The health of Cayman’s frontline staff, and the country’s ability to provide human resources to bolster any shortfalls should they fall ill, continues to be a source of sleepless nights for local leaders, Premier Alden McLaughlin said Wednesday.
At the daily COVID-19 briefing, he acknowledged that the issue was “a major concern and one that is keeping a lot of us awake at night as we grapple with this”, and he pressed home the message that the community should stay indoors.
Such concerns were why, he said, “it is absolutely critical” that Cayman does not allow the virus to become an epidemic locally.
He pleaded with people to stay home and reduce “the risk of us having significant community spread of this virus so that we don’t get to the numbers that really challenge our ability to cope, because there’s not many places in the world, if any, to which we can turn to for assistance”.
On Wednesday, Chief Medical Officer Dr. John Lee reported eight new positive COVID-19 cases, which included one by community transmission.
The announcement takes Cayman’s total cases to 22, with one inconclusive case still pending, which is now with the Caribbean Public Health Agency, Lee said. He expected to inform the public of the result in that case shortly, possibly by Thursday.
Cayman is currently on lockdown, with only essential workers allowed to traverse local roads during nighttime hours and limited movement of residents during daytime hours.
Many of Cayman’s frontline workers, like police, first responders and medical personnel, are out in the community performing their duties.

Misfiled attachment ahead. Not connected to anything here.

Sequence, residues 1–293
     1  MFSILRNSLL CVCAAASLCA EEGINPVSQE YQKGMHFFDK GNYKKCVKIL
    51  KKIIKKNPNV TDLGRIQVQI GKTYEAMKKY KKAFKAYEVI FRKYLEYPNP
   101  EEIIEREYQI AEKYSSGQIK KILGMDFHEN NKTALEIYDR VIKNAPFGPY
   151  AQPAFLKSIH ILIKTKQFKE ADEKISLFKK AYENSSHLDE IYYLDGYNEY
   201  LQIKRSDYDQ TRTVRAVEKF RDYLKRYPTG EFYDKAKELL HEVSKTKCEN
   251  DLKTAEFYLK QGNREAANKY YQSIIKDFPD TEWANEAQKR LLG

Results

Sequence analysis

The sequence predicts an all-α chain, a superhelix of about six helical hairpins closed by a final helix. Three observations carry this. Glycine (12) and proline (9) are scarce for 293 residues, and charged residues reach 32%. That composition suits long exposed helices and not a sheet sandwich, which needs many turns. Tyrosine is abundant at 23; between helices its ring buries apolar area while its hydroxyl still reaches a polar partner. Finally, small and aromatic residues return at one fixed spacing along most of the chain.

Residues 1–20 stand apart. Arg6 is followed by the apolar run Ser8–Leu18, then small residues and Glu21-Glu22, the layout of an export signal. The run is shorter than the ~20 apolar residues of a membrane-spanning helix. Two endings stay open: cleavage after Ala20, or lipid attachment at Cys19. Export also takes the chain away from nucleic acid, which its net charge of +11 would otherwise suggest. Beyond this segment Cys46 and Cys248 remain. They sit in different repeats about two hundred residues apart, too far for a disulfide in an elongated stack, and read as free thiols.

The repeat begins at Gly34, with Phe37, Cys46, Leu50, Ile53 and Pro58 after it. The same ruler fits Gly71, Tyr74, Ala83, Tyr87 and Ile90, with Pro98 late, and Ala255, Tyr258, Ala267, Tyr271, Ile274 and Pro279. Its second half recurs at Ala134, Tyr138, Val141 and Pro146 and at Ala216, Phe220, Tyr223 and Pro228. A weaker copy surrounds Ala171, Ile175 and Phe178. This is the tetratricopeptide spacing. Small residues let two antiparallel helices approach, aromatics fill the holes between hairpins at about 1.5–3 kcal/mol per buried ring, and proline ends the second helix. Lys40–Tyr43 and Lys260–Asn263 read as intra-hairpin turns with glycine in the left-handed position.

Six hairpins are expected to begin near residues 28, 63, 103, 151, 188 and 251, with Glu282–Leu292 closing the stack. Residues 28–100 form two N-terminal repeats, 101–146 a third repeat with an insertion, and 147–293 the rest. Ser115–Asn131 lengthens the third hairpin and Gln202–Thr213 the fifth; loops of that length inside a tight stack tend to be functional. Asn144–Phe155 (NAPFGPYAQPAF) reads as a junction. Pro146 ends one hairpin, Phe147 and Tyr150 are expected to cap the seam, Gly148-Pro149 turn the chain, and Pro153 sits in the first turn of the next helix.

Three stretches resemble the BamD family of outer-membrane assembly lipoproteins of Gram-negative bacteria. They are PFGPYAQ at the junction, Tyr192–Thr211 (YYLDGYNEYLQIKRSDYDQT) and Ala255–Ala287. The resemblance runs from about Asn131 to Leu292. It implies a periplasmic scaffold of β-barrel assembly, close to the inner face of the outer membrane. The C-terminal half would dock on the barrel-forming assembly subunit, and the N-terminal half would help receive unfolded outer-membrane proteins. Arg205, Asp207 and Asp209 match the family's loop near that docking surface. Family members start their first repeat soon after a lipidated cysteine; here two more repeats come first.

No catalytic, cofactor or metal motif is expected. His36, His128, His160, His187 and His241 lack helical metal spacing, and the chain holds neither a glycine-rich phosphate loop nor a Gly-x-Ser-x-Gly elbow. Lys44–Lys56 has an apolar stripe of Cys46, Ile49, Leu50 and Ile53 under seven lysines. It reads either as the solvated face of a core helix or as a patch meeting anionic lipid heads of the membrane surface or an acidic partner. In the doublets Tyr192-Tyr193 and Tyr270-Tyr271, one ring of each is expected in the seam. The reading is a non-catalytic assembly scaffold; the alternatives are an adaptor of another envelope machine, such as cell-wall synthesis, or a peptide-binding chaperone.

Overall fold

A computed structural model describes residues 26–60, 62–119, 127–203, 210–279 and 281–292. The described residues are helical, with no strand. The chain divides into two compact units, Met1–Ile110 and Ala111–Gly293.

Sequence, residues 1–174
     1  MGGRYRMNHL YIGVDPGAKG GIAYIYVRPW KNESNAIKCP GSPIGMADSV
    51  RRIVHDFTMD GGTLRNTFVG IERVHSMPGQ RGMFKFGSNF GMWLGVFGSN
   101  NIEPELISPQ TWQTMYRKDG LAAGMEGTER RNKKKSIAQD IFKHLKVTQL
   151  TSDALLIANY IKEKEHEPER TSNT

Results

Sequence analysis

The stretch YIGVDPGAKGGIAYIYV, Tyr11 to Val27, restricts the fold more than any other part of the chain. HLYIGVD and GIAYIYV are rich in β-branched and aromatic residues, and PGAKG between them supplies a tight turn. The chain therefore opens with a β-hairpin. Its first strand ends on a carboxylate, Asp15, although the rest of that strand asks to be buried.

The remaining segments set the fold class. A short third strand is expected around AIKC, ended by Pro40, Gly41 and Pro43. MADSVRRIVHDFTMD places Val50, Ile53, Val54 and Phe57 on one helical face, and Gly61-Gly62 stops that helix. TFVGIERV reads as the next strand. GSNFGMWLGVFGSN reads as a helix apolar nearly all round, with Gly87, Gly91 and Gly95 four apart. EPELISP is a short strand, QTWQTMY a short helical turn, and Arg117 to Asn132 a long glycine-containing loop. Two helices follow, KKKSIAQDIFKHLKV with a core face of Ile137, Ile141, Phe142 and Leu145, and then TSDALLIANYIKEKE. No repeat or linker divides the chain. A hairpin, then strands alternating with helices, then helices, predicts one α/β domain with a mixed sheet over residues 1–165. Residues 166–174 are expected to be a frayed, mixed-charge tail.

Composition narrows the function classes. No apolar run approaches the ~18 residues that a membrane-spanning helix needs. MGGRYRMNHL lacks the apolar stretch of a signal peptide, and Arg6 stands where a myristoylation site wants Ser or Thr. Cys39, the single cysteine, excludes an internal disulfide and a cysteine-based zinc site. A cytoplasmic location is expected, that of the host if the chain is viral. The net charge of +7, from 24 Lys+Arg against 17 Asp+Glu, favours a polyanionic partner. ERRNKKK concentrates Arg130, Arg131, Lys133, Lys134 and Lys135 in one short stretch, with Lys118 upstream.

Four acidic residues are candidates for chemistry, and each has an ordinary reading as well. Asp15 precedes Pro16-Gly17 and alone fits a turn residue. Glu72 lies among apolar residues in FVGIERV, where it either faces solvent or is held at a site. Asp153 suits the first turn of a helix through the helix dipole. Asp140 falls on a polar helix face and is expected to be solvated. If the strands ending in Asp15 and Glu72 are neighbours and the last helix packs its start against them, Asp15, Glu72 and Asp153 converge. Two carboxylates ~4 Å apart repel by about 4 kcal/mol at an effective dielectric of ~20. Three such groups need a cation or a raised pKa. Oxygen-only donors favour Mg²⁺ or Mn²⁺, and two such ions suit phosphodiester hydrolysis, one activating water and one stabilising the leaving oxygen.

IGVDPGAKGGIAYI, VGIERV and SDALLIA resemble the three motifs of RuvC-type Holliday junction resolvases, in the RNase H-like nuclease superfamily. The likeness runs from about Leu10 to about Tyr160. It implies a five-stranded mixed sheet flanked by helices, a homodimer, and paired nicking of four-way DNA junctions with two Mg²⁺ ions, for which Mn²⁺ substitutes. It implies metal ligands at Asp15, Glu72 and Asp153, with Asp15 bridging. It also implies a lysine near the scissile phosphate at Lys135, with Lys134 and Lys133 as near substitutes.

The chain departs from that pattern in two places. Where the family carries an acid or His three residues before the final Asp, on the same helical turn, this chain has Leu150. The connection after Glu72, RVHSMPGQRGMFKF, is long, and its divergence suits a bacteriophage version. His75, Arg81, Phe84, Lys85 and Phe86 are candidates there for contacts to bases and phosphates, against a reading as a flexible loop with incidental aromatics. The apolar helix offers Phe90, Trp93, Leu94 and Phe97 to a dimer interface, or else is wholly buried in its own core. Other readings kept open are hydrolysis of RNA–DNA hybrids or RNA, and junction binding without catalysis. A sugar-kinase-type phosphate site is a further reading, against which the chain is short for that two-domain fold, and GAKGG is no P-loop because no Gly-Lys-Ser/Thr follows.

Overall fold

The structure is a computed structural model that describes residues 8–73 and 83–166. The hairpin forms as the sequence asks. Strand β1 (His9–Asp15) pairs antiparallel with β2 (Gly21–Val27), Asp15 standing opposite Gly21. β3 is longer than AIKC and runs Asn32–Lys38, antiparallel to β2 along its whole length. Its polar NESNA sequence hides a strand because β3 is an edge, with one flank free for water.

They are following protocols as outlined by health officials, but nonetheless face risks of contracting the virus, with community transmission now confirmed.
Cayman, like many countries, is challenged by a lack of testing kits for COVID-19, and McLaughlin has said the islands do not have the ability to do wholesale testing.
However, recent boosts to supplies have helped in that regard.
Cayman is in a “much better position,” he said, when it comes to being able to test “quite a number of frontline staff to see how they are”.
McLaughlin said if any frontline workers are feeling ill, “they ought not to come to work and they ought to report that”.
He said whatever healthcare resources or access they require, it will be provided.
“All government employees are entitled to free medical. So, there’s no question about that aspect of it,” the premier said.
However, he added, “We have a limited number of staff. We all worry immensely about significant numbers of police officers or doctors or nurses getting sick – that would pose some really, really serious issues for us.”
As it stands, McLaughlin said, the coronavirus is “unlike other catastrophes which we have all had to deal with here”.
“This one is global in nature. So, it’s not simply a case of us saying, ‘Well, we can go to the UK and get assistance, or go to the US and get assistance’ or anywhere else, to our brothers and sisters in the Overseas Territories, or even brought more broadly in the Caribbean,” he said.
Added to the challenge, should Cayman require outside support, those countries are also dealing with health crises.
“We are deeply conscious of these challenges,” the premier said. “Even if we can get the people, the personnel [from overseas], we would have to quarantine them for two weeks.”